I have learned from firsthand experience that laughter is the best medicine. If you take life too seriously, you’ll never get out alive. I have been raised on a certain belief that I have carried with me my entire life. It helps me more today than ever. Learning to laugh at oneself is something that will make life a little more easier. I believe that laughing at myself is what puts me at ease.
Laughter is a quality that I learned at a very young age. Since I was four years old, until I was fourteen, I had danced. I loved sliding the ballet shoes on to my feet and tucking the bows under, and hearing the tapping sound coming from the metal plate on the bottom of the tap shoe against the tile floor. When I was younger, I was at the dance studio at least once a week. As I got older, it consumed me. I was there four days a week, four hours a day. Dancing, I felt was my passion. Every week we’d review last week’s choreography, and then add on the new steps. We prepared and prepared for months for our recital in early summer, which was a sell-out every year. This was the most intimidating part for me. I had been dancing for years and on the stage one million times and was confident, yet afraid of failure, of the mistakes that I would make. My worst nightmare was forgetting the steps, or even the entire routine.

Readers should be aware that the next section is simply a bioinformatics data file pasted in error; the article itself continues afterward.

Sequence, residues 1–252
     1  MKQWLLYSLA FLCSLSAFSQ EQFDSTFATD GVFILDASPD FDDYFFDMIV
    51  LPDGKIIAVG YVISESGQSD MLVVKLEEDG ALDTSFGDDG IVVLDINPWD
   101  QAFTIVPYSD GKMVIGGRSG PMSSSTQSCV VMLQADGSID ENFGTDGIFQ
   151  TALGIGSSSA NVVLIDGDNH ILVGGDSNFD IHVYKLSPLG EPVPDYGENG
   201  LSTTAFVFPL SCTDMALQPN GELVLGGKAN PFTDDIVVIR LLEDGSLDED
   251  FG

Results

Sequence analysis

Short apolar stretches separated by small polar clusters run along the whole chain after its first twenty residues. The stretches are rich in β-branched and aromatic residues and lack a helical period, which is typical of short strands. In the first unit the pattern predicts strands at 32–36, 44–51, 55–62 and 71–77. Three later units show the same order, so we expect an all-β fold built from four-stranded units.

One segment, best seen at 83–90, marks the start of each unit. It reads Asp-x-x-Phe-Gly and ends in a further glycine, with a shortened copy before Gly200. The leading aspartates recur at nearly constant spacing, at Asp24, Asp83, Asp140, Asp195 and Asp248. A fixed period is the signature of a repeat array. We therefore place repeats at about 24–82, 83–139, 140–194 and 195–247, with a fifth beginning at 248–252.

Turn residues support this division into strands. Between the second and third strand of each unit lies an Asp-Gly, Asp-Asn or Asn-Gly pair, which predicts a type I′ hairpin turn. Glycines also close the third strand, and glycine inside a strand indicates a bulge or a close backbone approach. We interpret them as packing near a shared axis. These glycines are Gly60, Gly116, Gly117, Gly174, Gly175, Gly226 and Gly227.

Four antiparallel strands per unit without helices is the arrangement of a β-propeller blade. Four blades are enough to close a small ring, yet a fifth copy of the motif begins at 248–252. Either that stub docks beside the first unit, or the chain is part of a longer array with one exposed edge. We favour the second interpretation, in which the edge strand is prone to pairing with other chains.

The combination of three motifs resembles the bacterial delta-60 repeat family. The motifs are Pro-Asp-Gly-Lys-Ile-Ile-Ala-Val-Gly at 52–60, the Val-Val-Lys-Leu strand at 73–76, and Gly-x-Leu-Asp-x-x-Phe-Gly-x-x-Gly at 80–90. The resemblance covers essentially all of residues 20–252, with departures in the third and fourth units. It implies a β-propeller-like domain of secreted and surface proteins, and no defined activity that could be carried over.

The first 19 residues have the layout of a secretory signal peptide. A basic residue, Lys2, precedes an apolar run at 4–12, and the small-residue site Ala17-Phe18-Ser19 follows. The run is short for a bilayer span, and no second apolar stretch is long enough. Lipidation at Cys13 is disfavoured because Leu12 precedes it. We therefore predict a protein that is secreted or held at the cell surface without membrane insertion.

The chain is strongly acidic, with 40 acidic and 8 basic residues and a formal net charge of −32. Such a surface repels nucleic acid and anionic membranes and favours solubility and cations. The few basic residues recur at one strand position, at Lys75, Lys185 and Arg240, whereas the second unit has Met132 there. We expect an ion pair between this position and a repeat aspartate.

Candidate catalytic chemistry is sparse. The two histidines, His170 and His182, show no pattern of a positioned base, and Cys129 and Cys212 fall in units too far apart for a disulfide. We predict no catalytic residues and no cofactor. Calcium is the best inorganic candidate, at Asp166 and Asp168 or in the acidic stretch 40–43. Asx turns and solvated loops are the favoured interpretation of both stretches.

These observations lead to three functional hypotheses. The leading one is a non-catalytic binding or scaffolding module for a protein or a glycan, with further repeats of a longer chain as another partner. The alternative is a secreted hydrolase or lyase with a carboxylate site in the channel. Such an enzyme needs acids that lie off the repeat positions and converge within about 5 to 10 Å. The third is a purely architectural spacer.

I would ask my instructor these questions as recital time drew near every year. Every year my instructors would tell me, “If you forget the steps, make sure you keep a smile on your face and just dance. The audience probably doesn’t even know that you messed up.” This put me at ease, until the following week when my nerves took over again. I needed solid advice that would help me to let loose and dance freely; that advice later came from my father. On the day of my recital, my father knew I seemed tense, so he asked me what was wrong. I replied, “It’s just nerves.” He then told me, “Hun, you need to learn how to laugh at yourself; if you make a mistake, who cares? Laugh it off and continue on.” I thought to myself, he doesn’t even know what he is talking about. It’s easy for him to say, he isn’t the one on stage making a mistake in front of a full house. When I took the stage, my nerves had consumed me and sure enough, I forgot my steps. I began to dance with the beat of the music and eventually I caught on. At the end of the dance as we were taking a bow, I had a genuine smile on my face. I was thinking about what made me catch back on. I realized it was not letting my mistake get the best of me.
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